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100 Cards in this Set

  • Front
  • Back
The body's rate of kilocalorie consumption needed to fuel all ongoing activities is called the __________.
Total metabolic rate
Which of the following would decrease body temperature?
a. eating a large meal
b. dilation of cutaneous blood vessels
c. enhanced thyroxine release
d. shivering
Dilation of cutaneous blood vessels
The hyperglycemia that occurs during diabetes mellitus is accompanied by ______.
Which hormone directs essentially all events of the absorptive state?
Glycogen is formed in the liver during the ________.
Absorptive sate
Glucose can be obtained from ________.
T/F: The increased use of noncarbohydrate molecules for energy to conserve glucose is called glucose sparing.
T/F: The preferred energy fuel for the brain is fat.
T/F: A growing child is likely to exhibit negative nitrogen balance.
Which of the following is not a function of LDLs?
a. regulate cholesterol synthesis in tissue cells
b. assist in the storage of cholesterol when supply exceeds demand
c. make cholesterol available to tissue cells for membrane or hormone synthesis
d. transport cholesterol from the peripheral tissues to the liver
Transport cholesterol from the peripheral tissues to the liver.
T/F: Triglycerides and cholesterol do not circulate freely in the bloodstream.
T/F: The major role of HDLs is to store energy in the form of fat.
T/F: High levels of HDLs are considered good.
T/F: Leptin is a short-term regulator of food intake.
Metabolism includes both anabolism and catabolism. In hyperthyroidism, the metabolic rate is increased because ______.
The rate of exergonic reactions is increased
(Exergonic reactions are chemical reactions that release energy.)
Heavy sweating can induce heat cramps due to ______.
a. abnormal electrolyte levels in muscle cells
b. abnormal electrolyte levels in neurons
c. abnormal electrolyte levels in interstitial fluid
d. All of the listed responses are correct.
All of the listed responses are correct.
Although both conditions share the common characteristic of elevated body temperature, hyperthermia is technically different from fever because ______.
fever is a condition in which there is a change in the body's temperature set-point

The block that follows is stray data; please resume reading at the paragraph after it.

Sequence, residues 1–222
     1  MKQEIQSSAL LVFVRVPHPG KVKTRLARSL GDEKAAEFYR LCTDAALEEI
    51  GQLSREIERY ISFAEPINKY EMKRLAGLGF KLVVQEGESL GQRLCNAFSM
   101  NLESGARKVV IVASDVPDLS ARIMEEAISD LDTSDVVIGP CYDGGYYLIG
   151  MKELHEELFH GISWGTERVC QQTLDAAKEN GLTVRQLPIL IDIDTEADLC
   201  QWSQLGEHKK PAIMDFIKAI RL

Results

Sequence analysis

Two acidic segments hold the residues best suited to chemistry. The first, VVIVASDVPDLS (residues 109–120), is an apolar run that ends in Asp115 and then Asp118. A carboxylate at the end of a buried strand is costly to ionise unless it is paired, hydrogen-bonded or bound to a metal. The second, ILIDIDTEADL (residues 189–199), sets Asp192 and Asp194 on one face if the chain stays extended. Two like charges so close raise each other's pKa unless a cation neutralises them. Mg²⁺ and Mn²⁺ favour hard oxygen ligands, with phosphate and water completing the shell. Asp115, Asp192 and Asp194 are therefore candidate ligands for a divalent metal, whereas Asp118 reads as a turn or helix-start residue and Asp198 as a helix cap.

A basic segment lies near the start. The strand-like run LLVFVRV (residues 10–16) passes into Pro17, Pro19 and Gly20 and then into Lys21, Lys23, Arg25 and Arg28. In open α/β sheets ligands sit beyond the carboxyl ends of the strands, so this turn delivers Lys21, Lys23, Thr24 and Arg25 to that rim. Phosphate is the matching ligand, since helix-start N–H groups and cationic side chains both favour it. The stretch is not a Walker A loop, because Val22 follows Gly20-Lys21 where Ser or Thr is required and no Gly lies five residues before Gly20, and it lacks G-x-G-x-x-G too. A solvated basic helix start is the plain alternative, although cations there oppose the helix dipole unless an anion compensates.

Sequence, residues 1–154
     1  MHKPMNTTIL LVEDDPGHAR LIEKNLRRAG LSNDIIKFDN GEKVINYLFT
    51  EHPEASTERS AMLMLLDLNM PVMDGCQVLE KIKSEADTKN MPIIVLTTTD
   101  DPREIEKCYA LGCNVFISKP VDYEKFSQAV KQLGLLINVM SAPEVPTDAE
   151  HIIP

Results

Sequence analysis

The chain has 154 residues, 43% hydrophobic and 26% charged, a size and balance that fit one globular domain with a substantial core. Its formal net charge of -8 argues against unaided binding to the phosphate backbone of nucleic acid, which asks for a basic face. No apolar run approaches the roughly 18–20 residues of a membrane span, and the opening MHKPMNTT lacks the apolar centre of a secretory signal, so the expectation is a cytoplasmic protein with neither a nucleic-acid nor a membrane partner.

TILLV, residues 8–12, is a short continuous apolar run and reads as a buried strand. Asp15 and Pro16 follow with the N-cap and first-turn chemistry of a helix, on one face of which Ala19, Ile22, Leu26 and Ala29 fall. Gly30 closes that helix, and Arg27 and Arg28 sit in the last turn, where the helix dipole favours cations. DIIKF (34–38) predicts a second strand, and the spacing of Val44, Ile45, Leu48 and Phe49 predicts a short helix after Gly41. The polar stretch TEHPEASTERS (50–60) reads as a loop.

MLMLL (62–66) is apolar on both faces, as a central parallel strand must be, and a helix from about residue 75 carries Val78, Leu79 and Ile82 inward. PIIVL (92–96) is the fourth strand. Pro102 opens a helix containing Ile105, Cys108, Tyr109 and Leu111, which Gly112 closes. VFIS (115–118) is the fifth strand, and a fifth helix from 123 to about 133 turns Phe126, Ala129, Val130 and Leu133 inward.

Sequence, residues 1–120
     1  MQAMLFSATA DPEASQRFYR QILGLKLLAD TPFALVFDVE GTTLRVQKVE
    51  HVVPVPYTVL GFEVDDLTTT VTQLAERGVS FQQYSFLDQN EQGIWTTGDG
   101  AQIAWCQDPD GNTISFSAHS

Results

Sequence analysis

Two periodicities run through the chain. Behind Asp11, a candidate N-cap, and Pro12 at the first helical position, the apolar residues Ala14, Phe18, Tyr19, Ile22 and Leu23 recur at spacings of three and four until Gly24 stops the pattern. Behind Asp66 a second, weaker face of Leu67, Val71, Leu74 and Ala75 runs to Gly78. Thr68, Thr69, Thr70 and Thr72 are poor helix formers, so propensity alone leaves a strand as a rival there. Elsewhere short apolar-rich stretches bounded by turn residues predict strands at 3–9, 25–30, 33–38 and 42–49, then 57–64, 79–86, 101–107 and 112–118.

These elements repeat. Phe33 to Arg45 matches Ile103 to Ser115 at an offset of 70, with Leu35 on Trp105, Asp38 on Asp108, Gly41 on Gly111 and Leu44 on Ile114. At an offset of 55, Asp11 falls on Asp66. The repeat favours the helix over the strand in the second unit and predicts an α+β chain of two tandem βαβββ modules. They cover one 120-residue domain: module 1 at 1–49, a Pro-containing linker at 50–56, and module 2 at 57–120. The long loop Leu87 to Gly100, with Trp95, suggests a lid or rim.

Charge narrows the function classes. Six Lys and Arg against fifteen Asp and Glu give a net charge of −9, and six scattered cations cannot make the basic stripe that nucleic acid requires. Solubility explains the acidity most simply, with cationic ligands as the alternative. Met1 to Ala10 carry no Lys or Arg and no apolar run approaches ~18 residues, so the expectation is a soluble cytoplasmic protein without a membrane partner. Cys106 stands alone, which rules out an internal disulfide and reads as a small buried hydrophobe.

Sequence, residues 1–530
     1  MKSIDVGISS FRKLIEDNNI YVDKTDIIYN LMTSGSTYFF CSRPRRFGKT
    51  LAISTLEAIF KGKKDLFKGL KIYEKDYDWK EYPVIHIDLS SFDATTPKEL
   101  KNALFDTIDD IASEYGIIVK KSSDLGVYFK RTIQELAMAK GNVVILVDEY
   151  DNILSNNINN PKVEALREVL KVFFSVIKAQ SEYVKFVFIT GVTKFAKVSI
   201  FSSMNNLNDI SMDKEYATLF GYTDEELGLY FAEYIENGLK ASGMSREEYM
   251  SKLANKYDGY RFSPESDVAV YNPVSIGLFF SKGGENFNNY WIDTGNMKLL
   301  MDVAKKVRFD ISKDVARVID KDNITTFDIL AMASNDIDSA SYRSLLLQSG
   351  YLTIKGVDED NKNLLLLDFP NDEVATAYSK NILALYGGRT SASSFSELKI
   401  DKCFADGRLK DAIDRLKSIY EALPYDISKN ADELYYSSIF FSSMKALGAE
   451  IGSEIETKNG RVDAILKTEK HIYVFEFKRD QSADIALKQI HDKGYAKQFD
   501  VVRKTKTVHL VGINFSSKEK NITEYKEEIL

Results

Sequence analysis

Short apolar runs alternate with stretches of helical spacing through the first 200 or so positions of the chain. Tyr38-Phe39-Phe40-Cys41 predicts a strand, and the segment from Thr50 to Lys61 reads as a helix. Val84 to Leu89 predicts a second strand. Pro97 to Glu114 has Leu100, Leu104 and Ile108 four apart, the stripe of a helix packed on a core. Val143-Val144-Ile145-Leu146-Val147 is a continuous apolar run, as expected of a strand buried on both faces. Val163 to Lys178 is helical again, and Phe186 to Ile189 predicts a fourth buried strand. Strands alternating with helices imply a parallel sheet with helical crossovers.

(Fever is the body's response to a systemic microbial invasion and release of pyrogens by the immune cells. These pyrogens modify the body's temperature set-point in the hypothalamus.)
Which brain region is the main integrating center for thermoregulation?
Heat loss during sweating.
Heat loss in the form of infrared waves.
Heat transfer into the chair you are sitting on.
Heat exchange when you are under a ceiling fan.
Many factors influence BMR. What is the most critical factor?
The ratio of surface area to volume (weight) of the body
When a person's hypothalamic thermostat is set to a higher level and the actual body temperature is below that level, the person may ________.
T/F: Peptides called NPY and AgRP are powerful appetite enhancers.
Lipogenesis occurs when ________.
Cellular ATP and glucose levels are high.
Gluconeogenesis is the process in which ________.
Glucose is formed from noncarbohydrate precursors.
Hank, a 17-year-old high school student, suffered a heart attack during a recreational swim. An autopsy revealed that he had had atherosclerosis and that his death had been caused by coronary artery disease. What might have been the cause of this disease that usually strikes a person much older than Hank?
He suffered from familial hypercholesterolemia.
Which of the following is NOT a homeostatic imbalance related to underactivity of the thyroid gland?
a. endemic goiter
b. cretinism
c. Graves' disease
d. myxedema
Graves' disease (The most common hyperthyroid pathology is an autoimmune disease called Graves' disease. In this condition, a person makes abnormal antibodies directed against thyroid follicle cells).
Which hormone is the body's major metabolic hormone?
Thyroid hormone
(Thyroid hormone is the body's major metabolic hormone and affects virtually every cell in the body)
T/F: Iodine is an essential element required for the synthesis of thyroxine.
Which of the following best describes the main effects of insulin?
a. release glucose into the blood by liver cells
b. synthesis of glucose from lactic acid and noncarbohydrate molecules
c. catabolize glycogen into glucose
d. lower blood glucose levels